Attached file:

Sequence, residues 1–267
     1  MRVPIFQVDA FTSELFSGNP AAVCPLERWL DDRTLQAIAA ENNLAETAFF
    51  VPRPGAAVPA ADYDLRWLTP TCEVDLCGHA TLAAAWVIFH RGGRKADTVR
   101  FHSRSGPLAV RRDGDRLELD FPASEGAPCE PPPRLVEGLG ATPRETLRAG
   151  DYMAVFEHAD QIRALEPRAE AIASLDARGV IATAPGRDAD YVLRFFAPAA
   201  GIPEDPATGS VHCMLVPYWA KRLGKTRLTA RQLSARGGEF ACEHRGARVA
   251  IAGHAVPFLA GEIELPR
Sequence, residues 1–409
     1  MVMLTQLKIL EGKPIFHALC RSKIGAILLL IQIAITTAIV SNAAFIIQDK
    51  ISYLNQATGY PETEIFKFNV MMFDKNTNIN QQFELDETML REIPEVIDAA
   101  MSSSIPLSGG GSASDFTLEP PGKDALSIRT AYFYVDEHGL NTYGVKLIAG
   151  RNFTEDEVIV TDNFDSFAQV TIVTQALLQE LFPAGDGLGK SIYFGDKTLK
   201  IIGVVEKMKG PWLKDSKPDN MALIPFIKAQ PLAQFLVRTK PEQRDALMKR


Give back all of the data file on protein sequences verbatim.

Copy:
Sequence, residues 1–267
     1  MRVPIFQVDA FTSELFSGNP AAVCPLERWL DDRTLQAIAA ENNLAETAFF
    51  VPRPGAAVPA ADYDLRWLTP TCEVDLCGHA TLAAAWVIFH RGGRKADTVR
   101  FHSRSGPLAV RRDGDRLELD FPASEGAPCE PPPRLVEGLG ATPRETLRAG
   151  DYMAVFEHAD QIRALEPRAE AIASLDARGV IATAPGRDAD YVLRFFAPAA
   201  GIPEDPATGS VHCMLVPYWA KRLGKTRLTA RQLSARGGEF ACEHRGARVA
   251  IAGHAVPFLA GEIELPR
Sequence, residues 1–409
     1  MVMLTQLKIL EGKPIFHALC RSKIGAILLL IQIAITTAIV SNAAFIIQDK
    51  ISYLNQATGY PETEIFKFNV MMFDKNTNIN QQFELDETML REIPEVIDAA
   101  MSSSIPLSGG GSASDFTLEP PGKDALSIRT AYFYVDEHGL NTYGVKLIAG
   151  RNFTEDEVIV TDNFDSFAQV TIVTQALLQE LFPAGDGLGK SIYFGDKTLK
   201  IIGVVEKMKG PWLKDSKPDN MALIPFIKAQ PLAQFLVRTK PEQRDALMKR